The man could grab your attention by being animated and fired up, as he was for so many years, against the classic, baby blue, WCW backdrop. He could replicate that, live, in front of thousands of people, convincing them that the only thing that was for sure, was that nothing was for sure. He used pop culture as a point of inspiration, acting out a Dark Knight-era Joker-like character for a spell in Impact. Heck, the guy sped down from the rafters, in the midst of New World Order chaos, to scare off the most intimidating faction in wrestling at that time. He didn’t even need words during this season of his career, compelling fans to cheer him on by simply raising his black baseball bat towards his foes.
Willing to evolve.
What you may have noticed, in hearing about how captivating the Stinger was, is how willing to evolve he was, too. This is a quality I admire in people, especially musicians. Writing a song that becomes a #1 hit is no easy feat, but continuing to make music at that level, without each subsequent song becoming derivative of the last, is even tougher.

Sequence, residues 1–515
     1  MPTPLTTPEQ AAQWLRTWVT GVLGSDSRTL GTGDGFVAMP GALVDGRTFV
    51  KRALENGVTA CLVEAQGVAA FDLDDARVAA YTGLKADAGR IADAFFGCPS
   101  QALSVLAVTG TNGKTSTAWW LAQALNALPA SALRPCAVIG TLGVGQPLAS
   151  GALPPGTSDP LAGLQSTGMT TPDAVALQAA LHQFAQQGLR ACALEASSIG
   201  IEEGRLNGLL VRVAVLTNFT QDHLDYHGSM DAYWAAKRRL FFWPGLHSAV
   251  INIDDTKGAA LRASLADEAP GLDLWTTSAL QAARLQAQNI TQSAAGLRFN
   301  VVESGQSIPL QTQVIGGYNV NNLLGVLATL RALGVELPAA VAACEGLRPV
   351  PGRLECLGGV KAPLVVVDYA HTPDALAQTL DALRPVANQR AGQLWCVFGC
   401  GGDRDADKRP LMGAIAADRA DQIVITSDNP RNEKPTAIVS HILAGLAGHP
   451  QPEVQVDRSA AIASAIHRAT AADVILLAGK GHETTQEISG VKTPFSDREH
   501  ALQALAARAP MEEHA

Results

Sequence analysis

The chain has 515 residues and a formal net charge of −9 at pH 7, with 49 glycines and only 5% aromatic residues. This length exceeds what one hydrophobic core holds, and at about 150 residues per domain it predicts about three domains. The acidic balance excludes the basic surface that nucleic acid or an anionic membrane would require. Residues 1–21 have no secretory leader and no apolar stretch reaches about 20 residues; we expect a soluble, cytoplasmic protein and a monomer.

Yes, Sting had his clichés and his signature moves that kept him familiar with the pro wrestling audience, but, over the years, he was willing to evolve to change with the times. In the late 80’s and early 90’s, he first made his mark in matches against legends like Ric Flair and Big Van Vader, ascending to the top spot, representing WCW as their NWA and, later, WCW World Heavyweight Champion. He later became the focal point in one of the most unique and memorable storylines in pro wrestling history, defending WCW against Hollywood Hulk Hogan and the New World Order, in 1997. Sting would continue to be booked in top feuds and main event matches, when the nWo split in two, and Sting joined his buddy, Lex Luger, in the Wolfpac. That faction became a top merchandise mover during a peak in pro wrestling popularity in 1998.